More than 31,000 procedures performed by community pharmacy as part of hypertension service, data shows

Community pharmacies in England carried out more than 31,000 procedures in the first three months of the advanced hypertension case-finding service, according to NHS data.

The data, released monthly by the NHS Business Services Authority, reveals that 923 community pharmacies administered 30,607 blood pressure (BP) checks between the launch of the ‘NHS Community Pharmacy Blood Pressure Check Service‘ on October 1, 2021 and end of December 2021.

The figures also show that 144 of these pharmacies also claimed 542 ambulatory blood pressure monitoring (ABPM) procedures as part of the service, which record a 24-hour average BP.

Patients are eligible for MAPA if they have a BP between 140/90 mmHg and 179/119 mmHg; however, pharmacies will also offer MAPA if requested to do so by a GP practice.

The BP check service aims to identify people aged 40 or over with high BP who have not previously had a confirmed diagnosis of hypertension and refer them to a GP to confirm the diagnosis.

In August 2021, NHS England agreed to provide incentives to pharmacies that meet certain thresholds of activity through the service.

Pharmacies providing at least five MAPA interventions in 2021/2022 can claim £1,000, with an additional £400 paid in 2022/2023 to pharmacies providing at least 15 MAPA interventions. An additional £400 will be paid to pharmacies that carry out at least 20 MAPA procedures in 2023/2024.

As of December 2021, 35 pharmacies in England have already reached the threshold to apply for an incentive payment in 2021/2022.

Although it received complaints from fewer than 1,000 pharmacies, NHS England previously noted that 3,938 community pharmacies had signed up to provide the service as of December 31, 2021.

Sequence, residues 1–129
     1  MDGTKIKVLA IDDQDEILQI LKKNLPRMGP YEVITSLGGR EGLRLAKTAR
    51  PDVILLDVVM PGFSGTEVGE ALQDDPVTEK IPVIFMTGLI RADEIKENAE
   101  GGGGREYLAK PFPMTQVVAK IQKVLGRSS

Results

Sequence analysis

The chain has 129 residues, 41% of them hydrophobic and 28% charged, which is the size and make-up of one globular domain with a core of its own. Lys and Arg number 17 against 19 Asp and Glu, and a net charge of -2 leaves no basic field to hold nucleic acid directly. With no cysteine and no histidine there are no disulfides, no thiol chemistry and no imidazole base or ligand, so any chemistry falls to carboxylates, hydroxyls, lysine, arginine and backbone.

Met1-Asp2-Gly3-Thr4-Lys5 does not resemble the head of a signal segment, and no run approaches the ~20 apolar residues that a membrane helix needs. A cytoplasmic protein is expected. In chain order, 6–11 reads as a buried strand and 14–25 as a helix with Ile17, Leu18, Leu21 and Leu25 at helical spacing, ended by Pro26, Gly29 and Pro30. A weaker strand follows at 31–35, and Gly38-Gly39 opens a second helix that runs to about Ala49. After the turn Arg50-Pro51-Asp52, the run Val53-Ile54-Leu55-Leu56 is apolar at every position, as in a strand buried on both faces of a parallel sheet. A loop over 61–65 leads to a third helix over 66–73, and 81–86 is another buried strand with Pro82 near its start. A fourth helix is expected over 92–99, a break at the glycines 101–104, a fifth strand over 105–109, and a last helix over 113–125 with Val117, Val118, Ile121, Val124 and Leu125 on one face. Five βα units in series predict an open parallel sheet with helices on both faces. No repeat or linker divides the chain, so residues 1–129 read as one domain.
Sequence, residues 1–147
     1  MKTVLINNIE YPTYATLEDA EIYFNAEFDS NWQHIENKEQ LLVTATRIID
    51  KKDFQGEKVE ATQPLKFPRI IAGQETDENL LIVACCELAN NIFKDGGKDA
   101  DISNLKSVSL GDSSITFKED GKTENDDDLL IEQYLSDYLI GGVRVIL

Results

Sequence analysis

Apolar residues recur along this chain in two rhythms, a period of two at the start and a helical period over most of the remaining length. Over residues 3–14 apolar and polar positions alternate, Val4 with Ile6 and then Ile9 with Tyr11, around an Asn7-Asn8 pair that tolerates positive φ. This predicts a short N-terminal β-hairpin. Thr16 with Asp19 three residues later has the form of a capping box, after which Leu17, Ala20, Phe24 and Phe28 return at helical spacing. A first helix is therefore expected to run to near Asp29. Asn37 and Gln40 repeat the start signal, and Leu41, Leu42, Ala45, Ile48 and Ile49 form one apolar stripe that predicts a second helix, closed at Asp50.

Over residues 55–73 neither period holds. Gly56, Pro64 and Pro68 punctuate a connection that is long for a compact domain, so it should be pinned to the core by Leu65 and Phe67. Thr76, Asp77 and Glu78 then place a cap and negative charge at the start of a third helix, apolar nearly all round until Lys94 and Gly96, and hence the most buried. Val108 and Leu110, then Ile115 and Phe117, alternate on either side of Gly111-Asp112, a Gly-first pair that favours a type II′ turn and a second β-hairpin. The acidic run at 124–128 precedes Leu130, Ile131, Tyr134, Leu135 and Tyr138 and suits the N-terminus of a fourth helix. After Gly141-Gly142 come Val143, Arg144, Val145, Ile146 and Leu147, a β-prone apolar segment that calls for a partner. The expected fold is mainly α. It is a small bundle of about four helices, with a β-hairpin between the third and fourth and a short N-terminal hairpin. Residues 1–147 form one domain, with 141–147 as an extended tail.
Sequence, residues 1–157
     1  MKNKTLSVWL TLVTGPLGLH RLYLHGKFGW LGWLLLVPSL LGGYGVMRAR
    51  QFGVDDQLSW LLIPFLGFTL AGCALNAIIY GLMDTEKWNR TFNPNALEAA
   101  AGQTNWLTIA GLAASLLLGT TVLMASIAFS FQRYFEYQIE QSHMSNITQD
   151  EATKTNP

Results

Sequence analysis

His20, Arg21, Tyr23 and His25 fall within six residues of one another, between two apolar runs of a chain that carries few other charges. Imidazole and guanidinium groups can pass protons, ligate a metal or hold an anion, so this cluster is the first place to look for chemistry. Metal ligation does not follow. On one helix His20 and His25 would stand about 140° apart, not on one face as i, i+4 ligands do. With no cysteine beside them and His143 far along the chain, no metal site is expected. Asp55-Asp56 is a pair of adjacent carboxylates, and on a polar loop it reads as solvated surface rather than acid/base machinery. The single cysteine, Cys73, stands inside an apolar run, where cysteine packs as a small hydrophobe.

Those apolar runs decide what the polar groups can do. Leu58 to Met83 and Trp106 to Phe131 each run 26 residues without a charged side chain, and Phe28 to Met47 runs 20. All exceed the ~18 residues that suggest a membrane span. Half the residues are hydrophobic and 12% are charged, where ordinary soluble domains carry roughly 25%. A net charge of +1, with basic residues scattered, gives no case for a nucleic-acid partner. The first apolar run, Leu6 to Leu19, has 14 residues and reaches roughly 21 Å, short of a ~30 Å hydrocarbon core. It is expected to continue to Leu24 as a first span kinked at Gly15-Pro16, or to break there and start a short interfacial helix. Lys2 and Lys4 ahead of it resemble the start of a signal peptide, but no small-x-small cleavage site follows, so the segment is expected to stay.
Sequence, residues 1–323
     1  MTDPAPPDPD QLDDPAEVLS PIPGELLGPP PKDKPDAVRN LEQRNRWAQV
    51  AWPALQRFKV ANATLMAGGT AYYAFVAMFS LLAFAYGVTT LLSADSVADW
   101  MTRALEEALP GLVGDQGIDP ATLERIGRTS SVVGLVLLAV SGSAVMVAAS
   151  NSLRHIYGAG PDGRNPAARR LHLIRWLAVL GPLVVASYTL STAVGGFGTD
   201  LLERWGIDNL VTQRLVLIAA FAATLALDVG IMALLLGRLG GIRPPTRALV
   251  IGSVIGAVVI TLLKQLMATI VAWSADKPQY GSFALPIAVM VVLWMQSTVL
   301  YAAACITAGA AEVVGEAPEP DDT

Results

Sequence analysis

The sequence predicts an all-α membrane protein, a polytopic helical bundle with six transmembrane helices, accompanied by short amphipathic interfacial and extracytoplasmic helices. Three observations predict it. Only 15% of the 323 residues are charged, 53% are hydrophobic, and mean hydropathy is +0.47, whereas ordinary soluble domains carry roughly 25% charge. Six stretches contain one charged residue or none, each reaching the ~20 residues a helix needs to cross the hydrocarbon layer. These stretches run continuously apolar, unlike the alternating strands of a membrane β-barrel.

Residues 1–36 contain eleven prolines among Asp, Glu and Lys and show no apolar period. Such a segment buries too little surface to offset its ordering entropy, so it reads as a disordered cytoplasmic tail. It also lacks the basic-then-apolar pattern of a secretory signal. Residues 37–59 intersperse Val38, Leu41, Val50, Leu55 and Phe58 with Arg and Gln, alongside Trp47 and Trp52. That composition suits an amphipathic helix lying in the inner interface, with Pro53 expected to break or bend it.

Paul Wright, chief cardiac pharmacist at the Barts Heart Center at the Barts Health NHS Trust, said ‘early detection and treatment interventions’ were key to the success of NHS goals ‘to prevent up to 150,000 heart attacks, accidents strokes and cases of dementia over the next ten years. ”.

“The fantastic early work here demonstrates the value and ability of community pharmacies to perform significant numbers of blood pressure checks, and for those with high results, organized ambulatory blood pressure monitoring to identify those who require further additional intervention to reduce cardiovascular risk and with it a reduction in events,” he said.

“The impact is likely to be gradually felt over the next few years, with increased identification and early treatment and reduction in risk factors leading to lower rates of cardiovascular events.”

Alastair Buxton, Director of NHS Services on the Pharmacy Services Negotiating Committee, said: “It is great to see that many pharmacy teams are now starting to fully commit to this important service and we expect which many more will do over the next few months as time permits.

“The service has the potential to make a big difference to the health of individuals and have an impact on reducing health inequalities within our local communities, with pharmacy teams well positioned to play a greater role in the fight against cardiovascular diseases, alongside colleagues in general medicine.

Read more: Majority of patients treated for hypertension do not have blood pressure control

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